"But even that level of personal performance translated into pole only because Ferrari missed its own, much wider, sweet spot by a mile – and because Verstappen’s Red Bull had a persistent misfire and, on one occasion, even a false neutral. Verstappen’s lap was arguably the equal of Hamilton’s (he reckoned it the best he’s ever done) but even the fact that Hamilton was only 0.3sec faster than a misfiring Red Bull supports the contention that the Ferrari could have comfortably eclipsed them both. Hamilton’s lap was amazing – for that car around this track, and it was a full 0.7sec faster than team-mate Bottas’ (a similar margin to last year when they were fifth and sixth quickest here). But it would likely have been good only for third had Ferrari and Red Bull been able to maximise their cars."

"Verstappen was, on the one hand, deeply frustrated with the apparently untraceable engine problem he’d suffered with the Red Bull throughout the weekend, but, on the other, thrilled with his lap. Whenever run on the full power map it would suffer random torque reductions, this in turn triggering an occasional loss of drive.

“The car was just bogging down,” said Verstappen. “We detuned the engine to try to help the driveability but it still didn’t work properly. On my last run I was a couple of tenths up, then arrived at Turn 16-17 and went to short-shift and the engine just cut out. I don’t know if it was going to be pole – maybe – and definitely closer than three tenths.”

Ferrari found only 0.5sec between Q2 and Q3 (and even that Q2 time was compromised), Mercedes 1.2sec and Red Bull 0.9sec."



That outlook can be argued to suggest the cars were roughly within a tenth of each other, with Hamilton having 0.3 on Max and 0.6 on Seb; the difference of improvement from Q2 to Q3 for Mercedes compared to Red Bull and Ferrari were 0.3 and 0.7 respectively.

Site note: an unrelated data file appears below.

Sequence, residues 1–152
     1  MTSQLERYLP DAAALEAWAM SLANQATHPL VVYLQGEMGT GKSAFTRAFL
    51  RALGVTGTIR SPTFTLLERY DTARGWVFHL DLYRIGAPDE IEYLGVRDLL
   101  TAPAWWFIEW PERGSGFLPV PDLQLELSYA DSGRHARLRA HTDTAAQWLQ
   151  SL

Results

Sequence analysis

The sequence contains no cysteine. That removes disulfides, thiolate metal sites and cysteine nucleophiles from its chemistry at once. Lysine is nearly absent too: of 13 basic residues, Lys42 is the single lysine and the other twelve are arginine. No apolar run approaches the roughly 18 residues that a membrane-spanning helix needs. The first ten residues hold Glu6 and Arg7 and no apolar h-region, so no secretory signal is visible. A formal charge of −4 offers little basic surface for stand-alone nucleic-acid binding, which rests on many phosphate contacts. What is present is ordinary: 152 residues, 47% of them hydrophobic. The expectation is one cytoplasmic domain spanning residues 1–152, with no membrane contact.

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PostPosted: Mon Sep 17, 2018 11:41 pm 
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An interesting visual of Ferraris strength with its PU. We often hear about top speeds but that doesn’t mean much due to wing settings.

1:03 Vettel makes an error and exits the corner much slower than Hamilton. He exits about 14 kph higher speed due to this.

The Ferrari acceleration between 150-250 is its strength.

https://streamable.com/1s552

If you play and pause radpidly you can see where Ferrari gains hugely on Mercedes. I believe this is not traction because it’s at 150+kph which is all about PU.

Best too pause and compare yourself but a snapshot of speeds. Vettel starts way behind because he ran wide

LH: 160 SV: 146
LH: 189 SV: 180
LH: 210 SV: 203
LH: 231 SV: 228
LH: 247 SV: 246
LH: 255 SV:256
LH: 279 SV:282
LH: 281 SV:286
LH: 289 SV:294

All of the above numbers occur in just 5 seconds.


Last edited by Johnson on Mon Sep 17, 2018 11:59 pm, edited 1 time in total.

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PostPosted: Mon Sep 17, 2018 11:51 pm 
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Johnson wrote: